There are people in the U.S. fighting against the Keystone pipeline. There are people in Britain fighting against the privatization of the National Health Service. There are people in India fighting against corporate land grabs. There are people in Brazil fighting against the destruction of the Amazon rainforest. There are people in China fighting against poverty wages. These are all noble and important movements in their own right. But by focusing on all these symptoms we risk missing the underlying cause. And the cause is capitalism. It’s time to name the thing.
The rich have, Drezner writes, empowered a new kind of thinker—the “thought leader”—at the expense of the much-fretted-over “public intellectual.” Whereas public intellectuals like Noam Chomsky or Martha Nussbaum are skeptical and analytical, thought leaders like Thomas Friedman and Sheryl Sandberg “develop their own singular lens to explain the world, and then proselytize that worldview to anyone within earshot.” While public intellectuals traffic in complexity and criticism, thought leaders burst with the evangelist’s desire to “change the world.” Many readers, Drezner observes, prefer the “big ideas” of the latter to the complexity of the former. In a marketplace of ideas awash in plutocrat cash, it has become “increasingly profitable for thought leaders to hawk their wares to both billionaires and a broader public,” to become “superstars with their own brands, sharing a space previously reserved for moguls, celebrities, and athletes.”
Did you know Brazilians are required to study philosophy?
In Ribeiro’s neighborhood, children play football or do capoeira, pray in Pentecostal Churches or worship African gods. Many are involved with drugs; “every year we lose students to crack,” she tells me. And they study philosophy two hours each week because of a 2008 law that mandates philosophy instruction in all Brazilian high schools. Nine million teenagers now take philosophy classes for three years.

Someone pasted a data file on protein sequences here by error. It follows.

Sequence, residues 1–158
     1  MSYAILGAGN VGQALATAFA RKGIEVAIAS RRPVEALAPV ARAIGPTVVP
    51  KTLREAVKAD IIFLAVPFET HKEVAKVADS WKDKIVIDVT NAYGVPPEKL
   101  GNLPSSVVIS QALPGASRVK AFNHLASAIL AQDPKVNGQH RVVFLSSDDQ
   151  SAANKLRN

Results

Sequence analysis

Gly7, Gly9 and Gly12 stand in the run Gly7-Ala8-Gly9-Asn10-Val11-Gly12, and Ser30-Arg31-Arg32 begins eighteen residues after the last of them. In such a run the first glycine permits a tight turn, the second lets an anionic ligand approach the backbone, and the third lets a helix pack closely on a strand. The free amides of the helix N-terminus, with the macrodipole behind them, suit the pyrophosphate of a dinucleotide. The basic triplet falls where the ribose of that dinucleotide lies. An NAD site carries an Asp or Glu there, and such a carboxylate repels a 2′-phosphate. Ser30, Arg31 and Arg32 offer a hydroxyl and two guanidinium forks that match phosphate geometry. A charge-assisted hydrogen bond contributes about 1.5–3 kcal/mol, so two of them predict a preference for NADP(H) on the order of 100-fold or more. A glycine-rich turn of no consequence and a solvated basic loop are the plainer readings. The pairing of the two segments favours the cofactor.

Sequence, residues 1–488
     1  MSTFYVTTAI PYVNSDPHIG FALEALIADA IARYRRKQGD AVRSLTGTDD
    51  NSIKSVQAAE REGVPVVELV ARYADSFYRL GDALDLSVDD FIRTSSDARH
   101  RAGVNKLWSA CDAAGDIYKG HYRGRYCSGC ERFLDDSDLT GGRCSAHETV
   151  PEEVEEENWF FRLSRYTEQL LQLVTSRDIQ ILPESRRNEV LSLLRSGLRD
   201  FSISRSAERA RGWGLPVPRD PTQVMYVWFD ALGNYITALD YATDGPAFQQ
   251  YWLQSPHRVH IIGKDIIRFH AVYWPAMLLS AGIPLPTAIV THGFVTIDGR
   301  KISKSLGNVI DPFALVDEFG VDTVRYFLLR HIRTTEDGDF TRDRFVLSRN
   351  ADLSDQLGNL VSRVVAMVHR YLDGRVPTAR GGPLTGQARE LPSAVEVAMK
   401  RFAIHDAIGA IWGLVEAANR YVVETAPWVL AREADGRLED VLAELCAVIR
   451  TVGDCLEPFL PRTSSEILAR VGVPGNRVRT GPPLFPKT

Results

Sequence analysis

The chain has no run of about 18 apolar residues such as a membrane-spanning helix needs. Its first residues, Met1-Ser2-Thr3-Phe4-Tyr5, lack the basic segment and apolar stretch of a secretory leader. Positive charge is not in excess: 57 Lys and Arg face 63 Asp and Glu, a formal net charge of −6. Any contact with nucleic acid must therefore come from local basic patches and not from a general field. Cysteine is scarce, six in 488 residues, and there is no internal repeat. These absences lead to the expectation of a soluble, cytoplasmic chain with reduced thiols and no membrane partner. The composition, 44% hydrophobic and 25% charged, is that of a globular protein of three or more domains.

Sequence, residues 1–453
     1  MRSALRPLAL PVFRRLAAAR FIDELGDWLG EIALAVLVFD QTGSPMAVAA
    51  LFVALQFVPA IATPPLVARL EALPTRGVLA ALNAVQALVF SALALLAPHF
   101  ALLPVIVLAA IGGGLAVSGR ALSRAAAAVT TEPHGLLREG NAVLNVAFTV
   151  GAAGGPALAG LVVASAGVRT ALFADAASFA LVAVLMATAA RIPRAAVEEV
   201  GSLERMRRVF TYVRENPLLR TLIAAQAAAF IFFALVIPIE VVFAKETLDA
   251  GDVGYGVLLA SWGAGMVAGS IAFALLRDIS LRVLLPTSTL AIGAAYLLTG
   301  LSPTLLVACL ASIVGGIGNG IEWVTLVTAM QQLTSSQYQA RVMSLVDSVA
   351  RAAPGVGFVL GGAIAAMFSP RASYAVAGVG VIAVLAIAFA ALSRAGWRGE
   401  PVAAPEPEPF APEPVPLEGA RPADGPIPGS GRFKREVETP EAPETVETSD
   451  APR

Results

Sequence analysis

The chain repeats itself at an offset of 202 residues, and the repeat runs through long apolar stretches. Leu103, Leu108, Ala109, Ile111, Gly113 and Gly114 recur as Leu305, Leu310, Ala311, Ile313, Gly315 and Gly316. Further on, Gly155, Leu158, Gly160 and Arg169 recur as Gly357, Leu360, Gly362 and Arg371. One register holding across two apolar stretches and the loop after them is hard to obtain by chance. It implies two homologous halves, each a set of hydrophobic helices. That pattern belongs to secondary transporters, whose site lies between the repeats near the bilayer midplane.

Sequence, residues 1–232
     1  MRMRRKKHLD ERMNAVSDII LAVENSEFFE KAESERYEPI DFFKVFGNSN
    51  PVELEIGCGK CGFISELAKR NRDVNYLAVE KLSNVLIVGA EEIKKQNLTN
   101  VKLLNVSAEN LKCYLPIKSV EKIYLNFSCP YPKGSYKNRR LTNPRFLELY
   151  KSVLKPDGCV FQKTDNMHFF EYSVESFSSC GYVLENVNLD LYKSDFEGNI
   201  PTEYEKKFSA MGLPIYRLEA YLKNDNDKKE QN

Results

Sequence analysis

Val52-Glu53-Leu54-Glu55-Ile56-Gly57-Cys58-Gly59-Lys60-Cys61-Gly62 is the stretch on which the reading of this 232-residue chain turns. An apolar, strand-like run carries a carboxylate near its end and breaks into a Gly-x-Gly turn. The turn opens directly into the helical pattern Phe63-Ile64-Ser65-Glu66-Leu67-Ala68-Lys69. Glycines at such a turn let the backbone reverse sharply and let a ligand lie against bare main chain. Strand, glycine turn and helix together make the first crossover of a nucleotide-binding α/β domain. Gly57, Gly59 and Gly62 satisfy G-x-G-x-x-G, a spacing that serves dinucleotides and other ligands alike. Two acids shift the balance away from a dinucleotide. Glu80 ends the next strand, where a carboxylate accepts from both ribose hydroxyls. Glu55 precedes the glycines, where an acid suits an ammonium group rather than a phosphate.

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That’s not surprising, considering that the 2008 law is above all a political project. In 1971 the military dictatorship that ruled Brazil from 1964 to 1985 eliminated philosophy from high schools. Teachers, professors in departments of education, and political activists championed its return, while most academic philosophers were either indifferent or suspicious. The dictatorship seems to have understood philosophy’s potential to create engaged citizens; it replaced philosophy with a course on Moral and Civic Education and one on Brazil’s Social and Political Organization (“to inculcate good manners and patriotic values and to justify the political order of the generals,” one UFBA colleague recalls from his high school days).
The official rationale for the 2008 law is that philosophy “is necessary for the exercise of citizenship.” The law—the world’s largest-scale attempt to bring philosophy into the public sphere—thus represents an experiment in democracy. Among teachers at least, many share Ribeiro’s hope that philosophy will provide a path to greater civic participation and equality. Can it do even more? Can it teach students to question and challenge the foundations of society itself?
What do pit bull bans tell us about the freedom-versus-security dilemma?
In legal rationales, realities are created. Old inequalities and radical discrimination are repackaged in unexpected forms. In breed-specific legislation, the taint and incapacity of the disenfranchised live on. At a time when our government is labeling certain persons as threats—alleged terrorists, enemy aliens, illegal immigrants, ordinary people who want to get on airplanes—we need to ask how the seizure and destruction of dogs deemed contraband becomes a medium for the intimidation and debasement of humans in turn. Who should suffer deprivation without redress so that we can live in reasonable—safe and secure—consensus? And who gets to decide?